BERLIN -- Eduard's family was killed during the Nazi occupation of the Ukraine. This summer, Eduard came home one day to his Leningrad apartment and found swastikas scrawled on the door and a letter on the floor.

"You have two weeks to leave the country, you dirty Jews," said the unsigned letter. Eduard and his wife packed a few things and got a tourist visa.

To Germany.

In one of this century's most unlikely waves of emigration, thousands of Soviet Jews have fled their homeland's economic crisis and religious prejudice and moved to the country that attempted to wipe out their people a half century ago

But the wave lasted only from early summer until last month, when the Bonn government stopped all legal immigration of Soviet Jews. It said too many wanted to move to Germany.

The abrupt halt -- about 4,000 Soviet Jews arrived this summer in what was then East Germany -- has opened a new rift between the government of the reunited Germany and the country's small Jewish community and its supporters.

While the government is trying to keep immigration to a minimum, possibly establishing quotas, groups of Jews and non-Jews believe that the genocide of the Nazi period gives Germany a special responsibility to save Jews from oppression elsewhere.

The new debate, like the history of Jewish-German relations, is a complex web of questions about integration and identity, attraction and repulsion. It has split the German Jewish community, reviving the decades-old rivalry between German and Eastern European Jews. It also has split the German Jews and the Israeli government over whether the exodus of Soviet Jews should be steered to renew German Jewry or to bolster Israel's Jewish population.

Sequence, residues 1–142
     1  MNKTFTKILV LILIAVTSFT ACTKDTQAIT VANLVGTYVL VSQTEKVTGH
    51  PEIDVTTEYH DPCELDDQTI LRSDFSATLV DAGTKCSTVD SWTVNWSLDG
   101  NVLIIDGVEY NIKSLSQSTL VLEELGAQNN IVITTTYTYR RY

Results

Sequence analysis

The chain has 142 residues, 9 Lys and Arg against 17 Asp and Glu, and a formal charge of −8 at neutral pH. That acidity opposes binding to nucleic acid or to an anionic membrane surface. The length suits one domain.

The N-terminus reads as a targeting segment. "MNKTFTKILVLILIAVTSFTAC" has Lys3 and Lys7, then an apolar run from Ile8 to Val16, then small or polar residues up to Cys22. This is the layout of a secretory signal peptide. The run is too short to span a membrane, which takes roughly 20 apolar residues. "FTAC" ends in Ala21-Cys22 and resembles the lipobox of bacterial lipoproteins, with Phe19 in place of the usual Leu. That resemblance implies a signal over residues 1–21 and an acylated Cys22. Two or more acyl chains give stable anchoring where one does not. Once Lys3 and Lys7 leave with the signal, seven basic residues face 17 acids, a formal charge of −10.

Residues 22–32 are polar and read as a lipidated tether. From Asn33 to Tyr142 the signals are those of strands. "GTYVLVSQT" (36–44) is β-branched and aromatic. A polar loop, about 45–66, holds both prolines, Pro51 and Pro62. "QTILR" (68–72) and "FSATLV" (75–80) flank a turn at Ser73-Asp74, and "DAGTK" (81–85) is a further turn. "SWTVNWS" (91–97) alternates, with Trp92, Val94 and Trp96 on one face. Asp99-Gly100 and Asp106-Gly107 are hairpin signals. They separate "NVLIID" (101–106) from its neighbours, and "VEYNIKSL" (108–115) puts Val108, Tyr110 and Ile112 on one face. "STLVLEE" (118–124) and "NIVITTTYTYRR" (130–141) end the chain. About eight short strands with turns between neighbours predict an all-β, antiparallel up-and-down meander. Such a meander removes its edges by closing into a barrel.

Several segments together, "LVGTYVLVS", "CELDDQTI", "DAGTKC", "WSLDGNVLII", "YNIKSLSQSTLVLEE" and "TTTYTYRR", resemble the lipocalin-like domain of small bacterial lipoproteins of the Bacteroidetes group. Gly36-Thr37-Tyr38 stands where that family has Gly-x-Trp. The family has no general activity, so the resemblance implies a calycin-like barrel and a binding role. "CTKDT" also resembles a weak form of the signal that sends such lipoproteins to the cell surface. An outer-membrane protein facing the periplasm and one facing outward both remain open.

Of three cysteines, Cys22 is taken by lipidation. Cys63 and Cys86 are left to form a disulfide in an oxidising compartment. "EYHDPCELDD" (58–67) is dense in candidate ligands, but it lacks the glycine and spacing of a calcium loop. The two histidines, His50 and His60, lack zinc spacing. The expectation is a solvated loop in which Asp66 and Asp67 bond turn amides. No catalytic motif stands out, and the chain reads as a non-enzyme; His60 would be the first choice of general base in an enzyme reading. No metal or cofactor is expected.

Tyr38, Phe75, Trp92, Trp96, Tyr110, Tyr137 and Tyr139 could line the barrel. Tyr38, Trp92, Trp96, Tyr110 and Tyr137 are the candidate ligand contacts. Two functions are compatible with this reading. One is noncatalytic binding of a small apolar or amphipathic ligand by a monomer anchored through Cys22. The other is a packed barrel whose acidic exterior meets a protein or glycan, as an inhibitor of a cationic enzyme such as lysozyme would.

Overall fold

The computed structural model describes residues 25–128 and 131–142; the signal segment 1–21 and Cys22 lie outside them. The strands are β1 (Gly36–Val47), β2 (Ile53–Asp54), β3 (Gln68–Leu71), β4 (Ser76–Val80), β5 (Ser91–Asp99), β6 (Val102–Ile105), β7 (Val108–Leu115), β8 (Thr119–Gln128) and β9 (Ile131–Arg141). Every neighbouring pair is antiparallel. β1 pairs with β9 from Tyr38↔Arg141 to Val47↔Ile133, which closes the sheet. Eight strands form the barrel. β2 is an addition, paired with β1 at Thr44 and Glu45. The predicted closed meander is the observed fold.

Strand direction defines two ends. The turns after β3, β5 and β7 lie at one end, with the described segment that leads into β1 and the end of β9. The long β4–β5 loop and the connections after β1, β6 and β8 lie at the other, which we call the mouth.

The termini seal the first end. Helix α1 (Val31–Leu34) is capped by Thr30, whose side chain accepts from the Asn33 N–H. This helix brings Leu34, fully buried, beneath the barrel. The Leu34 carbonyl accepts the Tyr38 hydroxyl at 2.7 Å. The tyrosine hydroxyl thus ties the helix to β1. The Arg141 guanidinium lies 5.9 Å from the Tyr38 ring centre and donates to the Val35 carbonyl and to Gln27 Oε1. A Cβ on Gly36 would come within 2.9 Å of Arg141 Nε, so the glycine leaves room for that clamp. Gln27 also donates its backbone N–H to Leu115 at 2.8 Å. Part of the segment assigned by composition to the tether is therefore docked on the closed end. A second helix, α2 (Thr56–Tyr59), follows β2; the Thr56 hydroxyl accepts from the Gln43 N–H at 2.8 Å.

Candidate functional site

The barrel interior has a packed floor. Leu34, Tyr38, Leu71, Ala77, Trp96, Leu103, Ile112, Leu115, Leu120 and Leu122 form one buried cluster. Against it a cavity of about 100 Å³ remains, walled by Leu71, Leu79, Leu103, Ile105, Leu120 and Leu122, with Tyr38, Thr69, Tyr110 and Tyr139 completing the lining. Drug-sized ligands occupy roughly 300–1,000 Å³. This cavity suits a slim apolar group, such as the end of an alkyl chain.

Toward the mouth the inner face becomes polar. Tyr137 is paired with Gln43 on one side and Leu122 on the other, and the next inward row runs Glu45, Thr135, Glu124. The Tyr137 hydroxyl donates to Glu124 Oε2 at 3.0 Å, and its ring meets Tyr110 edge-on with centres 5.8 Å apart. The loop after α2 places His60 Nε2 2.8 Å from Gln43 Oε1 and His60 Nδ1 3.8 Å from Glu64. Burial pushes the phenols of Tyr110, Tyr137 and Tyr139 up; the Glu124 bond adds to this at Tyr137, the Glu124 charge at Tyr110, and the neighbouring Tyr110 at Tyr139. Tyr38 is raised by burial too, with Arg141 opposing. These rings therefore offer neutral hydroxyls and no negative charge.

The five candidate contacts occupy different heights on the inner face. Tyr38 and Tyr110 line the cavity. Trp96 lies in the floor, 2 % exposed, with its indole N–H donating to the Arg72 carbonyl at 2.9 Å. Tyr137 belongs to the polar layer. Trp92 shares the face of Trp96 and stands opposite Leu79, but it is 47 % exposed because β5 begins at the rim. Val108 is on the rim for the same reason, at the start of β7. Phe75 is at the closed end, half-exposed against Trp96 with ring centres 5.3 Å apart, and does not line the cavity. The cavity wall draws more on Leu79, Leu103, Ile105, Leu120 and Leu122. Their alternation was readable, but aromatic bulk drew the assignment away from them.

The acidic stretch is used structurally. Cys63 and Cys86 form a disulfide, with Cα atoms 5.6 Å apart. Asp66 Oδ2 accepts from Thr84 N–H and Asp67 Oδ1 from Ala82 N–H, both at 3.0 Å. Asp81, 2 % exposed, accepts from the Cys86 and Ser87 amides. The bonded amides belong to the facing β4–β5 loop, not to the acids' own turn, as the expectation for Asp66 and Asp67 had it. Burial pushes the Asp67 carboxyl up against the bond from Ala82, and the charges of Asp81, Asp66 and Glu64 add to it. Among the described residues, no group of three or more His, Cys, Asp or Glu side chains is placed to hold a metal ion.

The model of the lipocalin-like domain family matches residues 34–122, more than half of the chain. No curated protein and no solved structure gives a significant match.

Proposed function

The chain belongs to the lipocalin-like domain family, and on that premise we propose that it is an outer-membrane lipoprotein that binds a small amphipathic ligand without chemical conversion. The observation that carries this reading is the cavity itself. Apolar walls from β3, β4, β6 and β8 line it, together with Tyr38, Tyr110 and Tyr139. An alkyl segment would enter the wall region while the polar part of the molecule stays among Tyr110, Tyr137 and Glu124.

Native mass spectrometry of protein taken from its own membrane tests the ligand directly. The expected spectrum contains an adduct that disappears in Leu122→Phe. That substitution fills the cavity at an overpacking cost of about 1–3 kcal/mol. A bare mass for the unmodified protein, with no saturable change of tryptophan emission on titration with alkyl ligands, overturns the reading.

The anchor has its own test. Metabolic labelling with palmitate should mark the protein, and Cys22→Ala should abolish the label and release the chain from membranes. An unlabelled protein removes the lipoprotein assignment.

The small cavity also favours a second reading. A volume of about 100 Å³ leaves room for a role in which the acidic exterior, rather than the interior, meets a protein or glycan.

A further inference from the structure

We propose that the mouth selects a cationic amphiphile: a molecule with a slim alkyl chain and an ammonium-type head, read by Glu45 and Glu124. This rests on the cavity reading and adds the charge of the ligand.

And it has divided the Germans, who, in a time of reunification and great uncertainty in Eastern Europe, are struggling with their own notions of who belongs to their nation.

When tens of thousands of Soviet Jews crowded German consulates in Kiev and Leningrad to apply for immigration visas, Bonn's Interior Ministry argued it could not absorb that many Soviet Jews for resettlement. The ministry says it is considering admitting only those Jews who can prove ties to Germany's vestigial Jewish community. There are about 40,000 Jews in Germany today; before the Holocaust, nearly 600,000 Jews called Germany home.

But the state of Lower Saxony this week rejected the federal policy, announcing that it considers a Soviet Jew of German descent to be German just as German law grants automatic citizenship to ethnic Germans throughout Eastern Europe. And the state of North Rhine-Westphalia announced that it is willing to take in 500 Soviet Jews, but warned that Germany should act with caution for fear of fomenting "a new anti-Semitism."